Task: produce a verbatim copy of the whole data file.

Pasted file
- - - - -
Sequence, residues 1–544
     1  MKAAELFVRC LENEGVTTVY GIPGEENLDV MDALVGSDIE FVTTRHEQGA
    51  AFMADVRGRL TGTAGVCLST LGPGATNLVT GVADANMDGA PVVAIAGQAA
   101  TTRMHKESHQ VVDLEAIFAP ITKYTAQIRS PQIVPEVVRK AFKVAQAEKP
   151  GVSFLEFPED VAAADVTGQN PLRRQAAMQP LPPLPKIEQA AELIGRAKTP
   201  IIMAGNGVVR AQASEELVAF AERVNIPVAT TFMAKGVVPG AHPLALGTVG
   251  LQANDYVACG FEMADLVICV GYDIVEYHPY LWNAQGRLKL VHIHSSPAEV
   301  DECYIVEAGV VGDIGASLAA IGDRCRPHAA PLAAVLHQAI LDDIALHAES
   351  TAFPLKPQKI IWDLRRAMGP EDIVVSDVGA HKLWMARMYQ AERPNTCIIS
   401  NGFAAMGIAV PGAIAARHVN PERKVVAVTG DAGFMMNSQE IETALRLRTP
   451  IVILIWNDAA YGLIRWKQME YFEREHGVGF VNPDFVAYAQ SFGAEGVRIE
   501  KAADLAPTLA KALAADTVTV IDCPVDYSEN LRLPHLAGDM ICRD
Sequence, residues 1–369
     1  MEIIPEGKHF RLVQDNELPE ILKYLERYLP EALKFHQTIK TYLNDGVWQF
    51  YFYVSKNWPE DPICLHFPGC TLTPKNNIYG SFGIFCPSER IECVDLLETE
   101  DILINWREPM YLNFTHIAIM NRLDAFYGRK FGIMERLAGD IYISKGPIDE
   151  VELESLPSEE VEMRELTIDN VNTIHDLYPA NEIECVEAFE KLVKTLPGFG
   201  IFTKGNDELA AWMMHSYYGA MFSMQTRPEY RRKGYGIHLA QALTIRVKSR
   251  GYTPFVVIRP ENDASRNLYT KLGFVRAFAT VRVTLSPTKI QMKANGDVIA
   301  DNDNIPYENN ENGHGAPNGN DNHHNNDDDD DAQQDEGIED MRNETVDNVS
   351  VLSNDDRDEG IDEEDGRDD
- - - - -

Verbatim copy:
Sequence, residues 1–544
     1  MKAAELFVRC LENEGVTTVY GIPGEENLDV MDALVGSDIE FVTTRHEQGA
    51  AFMADVRGRL TGTAGVCLST LGPGATNLVT GVADANMDGA PVVAIAGQAA
   101  TTRMHKESHQ VVDLEAIFAP ITKYTAQIRS PQIVPEVVRK AFKVAQAEKP
   151  GVSFLEFPED VAAADVTGQN PLRRQAAMQP LPPLPKIEQA AELIGRAKTP
   201  IIMAGNGVVR AQASEELVAF AERVNIPVAT TFMAKGVVPG AHPLALGTVG
   251  LQANDYVACG FEMADLVICV GYDIVEYHPY LWNAQGRLKL VHIHSSPAEV
   301  DECYIVEAGV VGDIGASLAA IGDRCRPHAA PLAAVLHQAI LDDIALHAES
   351  TAFPLKPQKI IWDLRRAMGP EDIVVSDVGA HKLWMARMYQ AERPNTCIIS
   401  NGFAAMGIAV PGAIAARHVN PERKVVAVTG DAGFMMNSQE IETALRLRTP
   451  IVILIWNDAA YGLIRWKQME YFEREHGVGF VNPDFVAYAQ SFGAEGVRIE
   501  KAADLAPTLA KALAADTVTV IDCPVDYSEN LRLPHLAGDM ICRD
Sequence, residues 1–369
     1  MEIIPEGKHF RLVQDNELPE ILKYLERYLP EALKFHQTIK TYLNDGVWQF
    51  YFYVSKNWPE DPICLHFPGC TLTPKNNIYG SFGIFCPSER IECVDLLETE
   101  DILINWREPM YLNFTHIAIM NRLDAFYGRK FGIMERLAGD IYISKGPIDE
   151  VELESLPSEE VEMRELTIDN VNTIHDLYPA NEIECVEAFE KLVKTLPGFG
   201  IFTKGNDELA AWMMHSYYGA MFSMQTRPEY RRKGYGIHLA QALTIRVKSR
   251  GYTPFVVIRP ENDASRNLYT KLGFVRAFAT VRVTLSPTKI QMKANGDVIA
   301  DNDNIPYENN ENGHGAPNGN DNHHNNDDDD DAQQDEGIED MRNETVDNVS
   351  VLSNDDRDEG IDEEDGRDD